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PPP Likely to See Further Revision After Extension Vote

  • Congress is likely to approve an extension to the deadline for the Paycheck Protection Program
  • Further revisions could follow, such as making an updated calculation for non-employer entities retroactive
  • PPP has undergone significant changes since being reintroduced earlier this year, but only a handful of bills proposing further revisions have been introduced in Congress so far

Summary by Dirk Langeveld

If the overwhelming support for a House bill extending the Paycheck Protection Program is any indication, small businesses will soon have more than a few weeks to apply for a forgivable loan. But the program may see other revisions in the near future as well.

On March 16, the House voted 415-3 to extend the deadline for PPP applications from March 31 to May 31. The bill also permits the U.S. Small Business Administration to process applications through June 30, which reduces the chances that lenders will stop taking new applications well before the deadline to work through a backlog of existing submissions. For example, Bank of America stopped taking applications 22 days before the current deadline.

Several lenders and financial groups have backed an extension, saying it is necessary to work through applications and adapt to changes the Biden administration made to the program. An extended deadline would also allow more eligible businesses to apply for funding. As of March 21, the SBA had approved 3.1 million loans totaling $195.8 billion; approximately $96 billion remains from the funding allocated by the Economic Aid Act and American Rescue Plan.

The Senate is expected to vote on the PPP extension this week. The Federal Reserve has already extended its PPP liquidity facility to June 30.

House discussions on the bill hint at some further modifications that might take place if the program is extended into the summer. One idea that has won bipartisan support is to make the revised formula for non-employer entities retroactive, allowing those who applied for a loan before the revision to receive more money.

The new formula allows entities such as sole proprietors, independent contractors, and self-employed workers to apply for a PPP loan using their gross income rather than the previously required net income, which included deductions and often made the applicant ineligible or eligible only for a small loan. The new formula permits these applicants to receive up to $20,833.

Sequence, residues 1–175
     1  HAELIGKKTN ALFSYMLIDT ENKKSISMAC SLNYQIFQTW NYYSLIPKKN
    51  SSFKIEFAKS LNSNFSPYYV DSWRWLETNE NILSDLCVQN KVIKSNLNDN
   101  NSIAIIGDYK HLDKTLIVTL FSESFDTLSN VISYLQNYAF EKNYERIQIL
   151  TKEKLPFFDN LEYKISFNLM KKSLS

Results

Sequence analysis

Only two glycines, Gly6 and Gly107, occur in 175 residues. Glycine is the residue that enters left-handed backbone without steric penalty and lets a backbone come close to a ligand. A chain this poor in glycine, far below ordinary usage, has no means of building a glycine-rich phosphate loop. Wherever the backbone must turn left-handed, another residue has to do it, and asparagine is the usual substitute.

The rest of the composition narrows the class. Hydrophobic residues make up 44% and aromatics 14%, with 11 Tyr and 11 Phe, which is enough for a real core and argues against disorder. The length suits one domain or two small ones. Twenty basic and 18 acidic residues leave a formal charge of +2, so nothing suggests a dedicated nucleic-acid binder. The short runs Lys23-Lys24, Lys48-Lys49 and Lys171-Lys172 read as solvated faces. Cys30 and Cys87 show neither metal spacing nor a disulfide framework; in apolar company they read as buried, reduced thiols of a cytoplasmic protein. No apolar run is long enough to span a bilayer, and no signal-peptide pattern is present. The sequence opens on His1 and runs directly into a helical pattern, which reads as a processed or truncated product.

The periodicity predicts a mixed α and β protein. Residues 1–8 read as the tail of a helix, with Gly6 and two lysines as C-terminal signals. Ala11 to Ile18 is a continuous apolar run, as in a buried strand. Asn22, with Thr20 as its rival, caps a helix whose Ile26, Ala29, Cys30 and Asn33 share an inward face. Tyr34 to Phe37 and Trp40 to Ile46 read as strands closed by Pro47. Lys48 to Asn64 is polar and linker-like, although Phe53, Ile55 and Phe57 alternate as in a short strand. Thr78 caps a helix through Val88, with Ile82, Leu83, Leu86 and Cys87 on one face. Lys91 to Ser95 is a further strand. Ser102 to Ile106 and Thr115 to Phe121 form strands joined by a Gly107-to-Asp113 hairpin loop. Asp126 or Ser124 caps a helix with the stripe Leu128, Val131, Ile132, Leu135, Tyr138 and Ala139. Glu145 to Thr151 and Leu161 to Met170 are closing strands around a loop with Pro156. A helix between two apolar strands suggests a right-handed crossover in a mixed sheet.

The revised formula did not apply to non-employer firms that had already been approved for a PPP loan before the change took place. This situation led to criticism that some business owners were approved for loans that were much smaller than they would have received if they had applied later in the process.

Some congressmen have suggested that the SBA should be restricted from favoring certain businesses during the applications process. The latest round of PPP included an initial period that was only open to community financial institutions, and later added a two-week period where the SBA only accepted applications from businesses with fewer than 20 employees.

Another potential change that has been proposed is the reduction or elimination of an eight-week period between when a company can apply for a first draw PPP loan and when they can apply for a second draw PPP loan. This could potentially allow an applicant to submit two applications simultaneously, although a deadline extension would also make it easier for companies to abide by the eight-week window.

When PPP was revived for another round of forgivable loans under the Economic Aid Act with $284.5 billion, the program was revised to limit both first draw and second draw loans to smaller companies. The Biden administration later introduced a set of changes that expanded eligibility to business owners with non-financial felony records, those who were delinquent or in default on federal student loans, and legal non-citizens.

Few bills have so far been submitted in Congress seeking any further revisions to the program. The legislation that has been improved includes a measure that would make rural hospitals or hospitals serving areas of persistent poverty eligible for PPP loans and a bill that would prohibit the Consumer Financial Protection Bureau from overseeing lenders’ participation in the program.

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